Research published last week in the American Journal of Gastroenterology reveals that a simple blood test may provide a new opportunity for the diagnosis of pancreatic cancer.
Researchers at the Indiana University School of Medicine and Indiana University Melvin and Bren Simon Cancer Center (IN, USA) demonstrated that a range of microRNAs are present at high levels in the blood of pancreatic cancer patients.
Lead investigator Murray Korc (Indiana University School of Medicine) commented: “This is a new finding that extends previous knowledge in this field, the key new feature here is that there is a panel of microRNAs that can be measured accurately in the plasma component of blood to determine if a patient has pancreatic cancer.”
The team discovered the presence of the microRNAs by studying plasma, bile and pancreatic juice that had been collected from 215 pancreatic cancer patients either immediately before or during an endoscopy. They found that heightened expression of miRNA-10b, -155, and -106b in plasma appears to be highly accurate in diagnosing pancreatic ductal adenocarcinoma, the most common type of pancreatic malignancy.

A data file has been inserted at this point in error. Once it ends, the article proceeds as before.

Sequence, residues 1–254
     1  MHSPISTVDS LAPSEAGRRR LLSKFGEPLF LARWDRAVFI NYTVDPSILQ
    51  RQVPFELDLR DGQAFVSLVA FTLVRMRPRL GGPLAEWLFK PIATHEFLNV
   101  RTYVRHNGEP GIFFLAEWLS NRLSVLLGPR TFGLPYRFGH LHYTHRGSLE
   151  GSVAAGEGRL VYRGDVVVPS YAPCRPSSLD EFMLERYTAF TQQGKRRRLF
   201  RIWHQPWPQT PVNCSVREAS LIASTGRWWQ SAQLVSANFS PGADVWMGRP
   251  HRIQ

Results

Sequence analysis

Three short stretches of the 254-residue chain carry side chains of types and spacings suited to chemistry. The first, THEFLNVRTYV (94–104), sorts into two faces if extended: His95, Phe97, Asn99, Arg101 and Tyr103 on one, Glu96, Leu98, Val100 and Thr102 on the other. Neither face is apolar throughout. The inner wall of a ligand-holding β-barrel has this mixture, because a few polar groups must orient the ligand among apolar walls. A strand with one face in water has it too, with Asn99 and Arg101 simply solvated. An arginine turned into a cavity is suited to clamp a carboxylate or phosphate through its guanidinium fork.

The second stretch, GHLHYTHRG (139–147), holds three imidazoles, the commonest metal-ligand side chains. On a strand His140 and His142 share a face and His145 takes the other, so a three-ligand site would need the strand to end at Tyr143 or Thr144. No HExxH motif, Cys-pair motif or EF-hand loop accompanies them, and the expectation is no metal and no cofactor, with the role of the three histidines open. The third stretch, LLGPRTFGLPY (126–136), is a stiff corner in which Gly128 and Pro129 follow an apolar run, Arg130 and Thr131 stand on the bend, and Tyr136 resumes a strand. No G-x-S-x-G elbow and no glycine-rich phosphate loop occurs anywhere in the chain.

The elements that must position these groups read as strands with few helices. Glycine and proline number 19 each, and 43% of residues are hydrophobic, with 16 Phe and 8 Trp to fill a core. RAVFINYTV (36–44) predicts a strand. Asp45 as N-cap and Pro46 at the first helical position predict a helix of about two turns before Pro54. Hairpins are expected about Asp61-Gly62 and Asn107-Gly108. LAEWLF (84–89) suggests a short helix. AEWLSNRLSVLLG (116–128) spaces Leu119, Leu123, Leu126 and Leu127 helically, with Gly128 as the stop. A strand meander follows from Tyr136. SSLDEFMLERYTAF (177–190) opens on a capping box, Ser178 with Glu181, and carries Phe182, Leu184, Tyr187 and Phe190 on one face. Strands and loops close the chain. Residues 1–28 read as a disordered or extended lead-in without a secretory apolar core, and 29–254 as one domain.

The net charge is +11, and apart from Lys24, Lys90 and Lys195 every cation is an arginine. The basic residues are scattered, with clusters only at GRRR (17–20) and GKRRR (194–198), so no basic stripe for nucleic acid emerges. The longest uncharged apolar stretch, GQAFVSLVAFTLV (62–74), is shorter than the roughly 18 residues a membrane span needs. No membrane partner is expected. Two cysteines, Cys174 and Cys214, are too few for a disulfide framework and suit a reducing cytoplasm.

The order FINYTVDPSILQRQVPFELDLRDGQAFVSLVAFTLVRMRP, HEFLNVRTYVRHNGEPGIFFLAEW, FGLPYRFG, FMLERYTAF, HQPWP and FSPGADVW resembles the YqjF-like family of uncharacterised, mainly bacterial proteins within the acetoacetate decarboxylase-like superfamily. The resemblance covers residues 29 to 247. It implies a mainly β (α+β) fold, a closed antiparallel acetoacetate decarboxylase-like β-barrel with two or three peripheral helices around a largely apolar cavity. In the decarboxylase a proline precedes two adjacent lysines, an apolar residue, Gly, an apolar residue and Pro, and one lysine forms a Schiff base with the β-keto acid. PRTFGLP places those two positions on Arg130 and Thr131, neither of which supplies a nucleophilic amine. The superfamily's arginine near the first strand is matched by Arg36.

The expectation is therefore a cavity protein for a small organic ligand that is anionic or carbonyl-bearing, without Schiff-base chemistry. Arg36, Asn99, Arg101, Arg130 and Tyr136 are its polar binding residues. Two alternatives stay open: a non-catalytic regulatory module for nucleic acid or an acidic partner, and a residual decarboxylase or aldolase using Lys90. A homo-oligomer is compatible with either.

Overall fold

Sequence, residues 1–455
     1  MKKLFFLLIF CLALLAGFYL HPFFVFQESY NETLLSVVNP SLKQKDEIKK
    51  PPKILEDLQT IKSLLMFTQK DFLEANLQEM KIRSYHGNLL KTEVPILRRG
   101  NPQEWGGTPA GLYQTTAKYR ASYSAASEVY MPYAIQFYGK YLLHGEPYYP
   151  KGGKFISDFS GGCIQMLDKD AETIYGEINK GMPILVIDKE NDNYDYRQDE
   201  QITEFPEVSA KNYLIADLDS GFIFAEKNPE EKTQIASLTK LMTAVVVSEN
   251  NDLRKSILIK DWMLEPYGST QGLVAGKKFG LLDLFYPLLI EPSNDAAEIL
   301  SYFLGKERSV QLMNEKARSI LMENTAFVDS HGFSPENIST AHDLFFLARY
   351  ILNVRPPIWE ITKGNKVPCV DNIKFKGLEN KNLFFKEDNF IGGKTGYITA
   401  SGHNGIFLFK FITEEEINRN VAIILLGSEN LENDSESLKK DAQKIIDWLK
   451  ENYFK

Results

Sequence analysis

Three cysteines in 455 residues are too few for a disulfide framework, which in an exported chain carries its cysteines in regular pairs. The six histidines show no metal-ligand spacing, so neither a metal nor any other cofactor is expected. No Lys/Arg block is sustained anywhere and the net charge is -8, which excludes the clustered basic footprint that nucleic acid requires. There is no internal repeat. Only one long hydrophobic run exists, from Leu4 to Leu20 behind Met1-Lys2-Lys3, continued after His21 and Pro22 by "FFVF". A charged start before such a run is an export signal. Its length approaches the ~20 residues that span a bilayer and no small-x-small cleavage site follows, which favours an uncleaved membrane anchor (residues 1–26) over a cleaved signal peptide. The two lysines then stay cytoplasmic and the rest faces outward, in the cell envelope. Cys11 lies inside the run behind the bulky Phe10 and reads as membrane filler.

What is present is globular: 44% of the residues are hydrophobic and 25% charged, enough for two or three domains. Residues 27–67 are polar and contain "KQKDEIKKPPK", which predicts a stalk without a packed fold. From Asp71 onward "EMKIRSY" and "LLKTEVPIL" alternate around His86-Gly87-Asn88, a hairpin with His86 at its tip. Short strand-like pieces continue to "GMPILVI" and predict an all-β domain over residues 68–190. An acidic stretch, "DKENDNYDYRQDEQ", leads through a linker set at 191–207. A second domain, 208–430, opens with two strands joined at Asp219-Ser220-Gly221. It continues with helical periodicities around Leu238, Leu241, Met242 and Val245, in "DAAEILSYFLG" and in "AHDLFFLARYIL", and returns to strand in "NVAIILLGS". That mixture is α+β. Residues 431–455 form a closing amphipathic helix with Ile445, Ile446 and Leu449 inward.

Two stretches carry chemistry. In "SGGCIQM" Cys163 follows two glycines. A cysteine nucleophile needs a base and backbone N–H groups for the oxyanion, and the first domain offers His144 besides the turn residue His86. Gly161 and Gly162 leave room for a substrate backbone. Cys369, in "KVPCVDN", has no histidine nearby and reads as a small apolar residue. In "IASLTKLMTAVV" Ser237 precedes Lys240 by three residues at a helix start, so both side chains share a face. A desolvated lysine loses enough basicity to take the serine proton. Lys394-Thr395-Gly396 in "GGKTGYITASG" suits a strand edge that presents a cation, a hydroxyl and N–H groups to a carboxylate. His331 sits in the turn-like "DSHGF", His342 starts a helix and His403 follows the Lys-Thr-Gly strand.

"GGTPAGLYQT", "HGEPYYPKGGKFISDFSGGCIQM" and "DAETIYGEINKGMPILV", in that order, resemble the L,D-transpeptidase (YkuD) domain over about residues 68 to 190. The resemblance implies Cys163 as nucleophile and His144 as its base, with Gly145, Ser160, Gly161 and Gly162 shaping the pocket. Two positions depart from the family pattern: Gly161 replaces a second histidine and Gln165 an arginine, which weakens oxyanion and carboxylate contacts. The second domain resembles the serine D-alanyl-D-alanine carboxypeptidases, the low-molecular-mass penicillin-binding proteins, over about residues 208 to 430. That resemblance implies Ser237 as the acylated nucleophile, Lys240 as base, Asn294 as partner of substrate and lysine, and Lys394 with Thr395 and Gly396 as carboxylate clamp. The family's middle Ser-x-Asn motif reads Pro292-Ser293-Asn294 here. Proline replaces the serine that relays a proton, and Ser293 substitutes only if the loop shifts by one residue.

“It may be possible to use a blood test to screen individuals who are at high risk for developing pancreatic cancer,” Korc said. “We are planning to conduct such studies. It will be important to identify additional markers and to assess how useful a panel of such markers would be for the early diagnosis of this cancer. Based on our findings, this test could also be useful to differentiate between pancreatic cancer and chronic pancreatitis.”
The identification of markers such as microRNAs in pancreatic cancer patients provides a potential opportunity for early diagnosis in a disease that is often difficult to detect. Development of early diagnosis techniques such as this could improve treatment for pancreatic cancer patients, where current treatments typically only extend a patient’s life by 6–16 weeks.